http://www.soundbound24.blogspot.ca/ (scroll down to the Bi-Onda controller). He seems to be on a hiatus, but I'm hoping he continues on the fascinating path he's on; his is the most promising and versatile design I've seen in a while.
I would gather that without upping the power handling of the output amplifiers, both this controller and my Kelly can't drive anything larger than say, 7 watts (the average synchronous motor in a TT is usually 3-5 watts).
There is also the Sander's speed controller over on Lenco Heaven: http://www.lencoheaven.net/forum/index.php?topic=2042.0 This appears to have applicability toward higher wattage motors (15-20 watts), and shaded-pole induction types as used in the Lenco, Garrard and others. I haven't gone through the entire post to tease out the details of the circuit, but it appears to cover the essential parameters. I'm still exploring the salient characteristics in this lengthy thread.
I've never had a Walker controller open to see what makes it tick, but I'm guessing it's about the same as the SDS. While a Linn Lingo has a nice sine wave synthesizer, it also doesn't allow for any parametric adjustment - despite the fact they're loaded with (unlabeled) trim pots.
While I advocate complete parametric motor adjustment, it's also a catch-22. You need some test gear like a multimeter and an oscilloscope to really maximize performance; a little too far this way or that with some settings and you can really mess things up (as in your motor stalls, vibrates and you become sad because your table no longer spins). This, I believe, is the reason nobody has a desire to market a motor controller which contains all the necessary parametric adjustments: the support issues would instantly turn into a complete nightmare since most folks simply aren't technically savvy enough reap the benefits or dig themselves out of the inevitable holes that would result.
Palasr, You are correct; the Walker MC is likely to be pretty much like the SDS. This is what I was referring to in my previous post "most" current commercial controllers do not actually split the phase of the AC.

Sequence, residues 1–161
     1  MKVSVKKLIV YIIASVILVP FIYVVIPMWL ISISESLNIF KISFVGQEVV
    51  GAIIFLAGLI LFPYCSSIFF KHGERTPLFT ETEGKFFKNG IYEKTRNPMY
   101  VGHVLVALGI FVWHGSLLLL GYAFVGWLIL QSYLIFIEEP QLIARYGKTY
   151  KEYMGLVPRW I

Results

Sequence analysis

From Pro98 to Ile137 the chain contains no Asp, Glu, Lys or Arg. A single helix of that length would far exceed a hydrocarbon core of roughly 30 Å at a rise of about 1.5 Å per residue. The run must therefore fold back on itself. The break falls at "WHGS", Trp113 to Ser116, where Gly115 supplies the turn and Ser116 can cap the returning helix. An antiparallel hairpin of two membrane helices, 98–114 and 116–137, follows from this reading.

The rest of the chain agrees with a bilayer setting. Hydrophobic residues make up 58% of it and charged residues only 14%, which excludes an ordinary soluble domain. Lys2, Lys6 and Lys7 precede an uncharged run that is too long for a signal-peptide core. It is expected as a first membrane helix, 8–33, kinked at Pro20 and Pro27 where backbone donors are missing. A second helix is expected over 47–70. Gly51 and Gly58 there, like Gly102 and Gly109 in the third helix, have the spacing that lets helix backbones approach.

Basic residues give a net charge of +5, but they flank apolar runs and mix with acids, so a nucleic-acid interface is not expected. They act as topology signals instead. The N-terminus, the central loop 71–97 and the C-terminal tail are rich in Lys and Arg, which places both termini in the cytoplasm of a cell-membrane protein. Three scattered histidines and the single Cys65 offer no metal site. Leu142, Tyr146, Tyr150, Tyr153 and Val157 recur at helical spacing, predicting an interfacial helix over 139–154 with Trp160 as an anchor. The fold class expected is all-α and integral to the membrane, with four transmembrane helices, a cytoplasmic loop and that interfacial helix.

I am awaiting delivery, as I mentioned, of Mark's second generation controller. It's a finished product, not a kit.
If the controller does not split phase (relies on a capacitor in the motor to split phase), then I would expect that one is better off moving the belt on a pulley rather than electrically switching speed.
The motor controller for the Basis turntable does properly split phase in the controller, sending two separate power lines to the motor. The motor has to be modified in order to use the controller (one cannot just plug the motor into the speed controller).
Dear Larry, I think those are two different things (splitting phase, which is an advantage for an AC synchronous motor controller, vs electrically switching speed, which can be done by either controlling voltage or AC frequency or both, depending upon the type of motor). The only issue would be for an induction motor where there is kind of a plateau for voltage, below which the torque falls to zilch. Please anyone correct me if I'm wrong in this; motors are a complex subject that I hardly can claim to study on a daily basis. I am going on my fading memory of Mark Kelly's teachings.
Also, it's not "two separate power lines" strictly speaking. It's taking the sinusoidal AC wave form and generating a second one that is 90 degrees away from the first, so the motor is driven in quadrature. As I understand it, the more perfectly that is achieved, the smoother the motor will run. That's what a capacitor tries to do but does not do nearly as well.
Roscoeii and Redglobe, perhaps you can contact me by email. I cannot seem to find your respective email addresses. Let me know if you cannot find mine. I may be able to help, in any case.
First of all, thanks for shedding some light on a fairly dimly lit subject. I have recently upgraded to a Premotec 9904 111 31813, which is supposed to be a low noise, low vibration motor. I am happy with the motor, but have struggled with it's optimization. Assuming that I am capable of building a parametric controller as you have described, could you be more specific about the procedure. It seems to me that with the number of adjustments available, and without a suitable procedure, I would still be "taking a shot in the dark".
Thanking you in advance,
Posted at 5:48 AM 28-NOV-2012